During the Pandemic (2020-2022)
After the pandemic of 2020, our lab has faced several new challenges: collecting data online, no face-to-face contact with lab members and of course facing the reality of living in the pandemic itself. Even with these struggles our lab continues to pursue on and become more creative in our means of collecting, analysing and interpreting data. Online meetings have become a regular occurrence and members of the lab have been forced to become even more tech-savvy. We have over five different active research projects occurring under Taka’s instruction, all of which continue to broaden our knowledge of cultural psychology.
The Second Wave (2013)
Now, Taka is back to Edmonton, and restarted the second wave of Culture and Cognition Lab endeavour. Three graduate students, a lab manager, and many research assistants are ready to work on many projects!
Taka’s Sabbatical Year (2012-2013)
Taka took the first sabbatical for a year from Fall 2012 to Summer 2013. He went back to his Alma matters both in the US (University of Michigan. USA ) and Japan (Kyoto University, Japan), where he enjoyed reforming collaborative relationships with his former advisers, new scholars, and new students. He also established new international collaborations with Japanese scholars to further extend his research project to the area of developmental psychology. Some graduate students visited Kyoto University, attending to the Kyoto-Alberta Cultural Psychology Research Seminar.
Forming Culture and Cognition Lab (2007-2012)
After hardworks for several years, we moved to a larger lab room (P123, Biological Sciences Building) furnished with a meeting room, six experiement cubicles, and an eye-tracking room. Here, we officially name our group “Culture and Cognition Lab” for showing our strong motivation to conduct high-quality research, and to catch up with “Culture and Cognition Lab” led by Professor Richard Nisbett at University of Michigan. U of A students as well as students inside and outside of Canada shortly recognized the existence of our lab. We therefore could increase the numbers of graduate students, undergraduate students, and research assistants. During this period, we formed cross-cultural collaboration with scholars at Hokkaido University and Kobe University, where we furnished the eye-tracking devices same as the one we have at Biological Sciences Building. Three graduate students successfully defended their dissertations, and become Psychology doctors.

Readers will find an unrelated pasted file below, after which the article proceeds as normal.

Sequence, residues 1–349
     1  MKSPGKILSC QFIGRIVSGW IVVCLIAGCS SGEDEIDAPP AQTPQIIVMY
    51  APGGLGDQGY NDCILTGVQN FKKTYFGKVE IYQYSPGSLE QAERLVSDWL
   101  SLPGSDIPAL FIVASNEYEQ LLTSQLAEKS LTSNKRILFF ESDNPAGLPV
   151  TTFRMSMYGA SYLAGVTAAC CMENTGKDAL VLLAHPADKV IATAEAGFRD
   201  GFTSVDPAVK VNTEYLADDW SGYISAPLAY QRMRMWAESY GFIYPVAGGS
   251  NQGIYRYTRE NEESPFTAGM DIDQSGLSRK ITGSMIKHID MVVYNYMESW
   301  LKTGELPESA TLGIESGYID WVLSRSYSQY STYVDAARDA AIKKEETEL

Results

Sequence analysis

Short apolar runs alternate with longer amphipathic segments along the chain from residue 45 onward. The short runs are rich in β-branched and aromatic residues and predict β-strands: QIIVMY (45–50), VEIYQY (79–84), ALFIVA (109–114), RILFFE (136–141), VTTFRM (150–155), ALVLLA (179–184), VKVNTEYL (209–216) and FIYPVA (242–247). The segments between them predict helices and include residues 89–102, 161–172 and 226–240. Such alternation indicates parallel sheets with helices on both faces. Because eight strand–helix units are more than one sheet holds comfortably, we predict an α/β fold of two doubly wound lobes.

Starting Cultural Studies at U of A (2005-2006)
Taka Masuda, the team leader of our lab, has been trained as a cultural psychologist at Cultural Psychology Lab at Kyoto University , Japan (1994-1997), and at the Culture and Cognition Program at University of Michigan (1997-2003). He then spent two years as a postodoctoral fellow at Hokkaido University to further extend his research program (2003-2005). Since Taka’s arrival to the area of Social and Cultural Psychology at Department of Psychology, University of Alberta in 2005, he shortly formed a research group to investigate cultural similarity and difference in human psychology in collaoration with a graduate student and an Honor’s student. This research group was the foundation of our Culture and Cognition Lab. They had only four research cubicles at Biological Sciences Building across Taka’s office.